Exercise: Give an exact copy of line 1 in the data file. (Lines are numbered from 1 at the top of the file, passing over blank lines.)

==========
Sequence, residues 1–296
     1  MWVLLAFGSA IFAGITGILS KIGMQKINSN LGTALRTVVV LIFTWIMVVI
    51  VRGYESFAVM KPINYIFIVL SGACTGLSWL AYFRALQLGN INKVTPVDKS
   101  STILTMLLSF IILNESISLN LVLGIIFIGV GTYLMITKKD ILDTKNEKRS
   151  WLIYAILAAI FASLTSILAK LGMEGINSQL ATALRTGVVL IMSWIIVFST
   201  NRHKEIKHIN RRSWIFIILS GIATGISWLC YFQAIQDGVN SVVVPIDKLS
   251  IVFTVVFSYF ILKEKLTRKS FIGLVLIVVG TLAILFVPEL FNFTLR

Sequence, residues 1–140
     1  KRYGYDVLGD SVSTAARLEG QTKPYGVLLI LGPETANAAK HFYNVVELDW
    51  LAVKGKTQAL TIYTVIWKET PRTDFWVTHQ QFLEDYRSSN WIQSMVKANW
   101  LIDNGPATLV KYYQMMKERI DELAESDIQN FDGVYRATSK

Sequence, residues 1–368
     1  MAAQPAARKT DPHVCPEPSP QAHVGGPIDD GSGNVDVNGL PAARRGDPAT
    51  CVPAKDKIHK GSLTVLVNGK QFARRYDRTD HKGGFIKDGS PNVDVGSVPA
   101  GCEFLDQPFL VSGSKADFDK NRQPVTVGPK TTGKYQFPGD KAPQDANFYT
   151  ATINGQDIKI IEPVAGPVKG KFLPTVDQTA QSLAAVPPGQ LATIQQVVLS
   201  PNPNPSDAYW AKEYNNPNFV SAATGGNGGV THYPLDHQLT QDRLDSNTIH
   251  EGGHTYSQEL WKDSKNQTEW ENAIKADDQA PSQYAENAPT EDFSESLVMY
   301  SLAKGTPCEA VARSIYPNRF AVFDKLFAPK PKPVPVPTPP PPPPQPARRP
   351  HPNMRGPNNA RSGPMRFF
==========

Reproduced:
Sequence, residues 1–296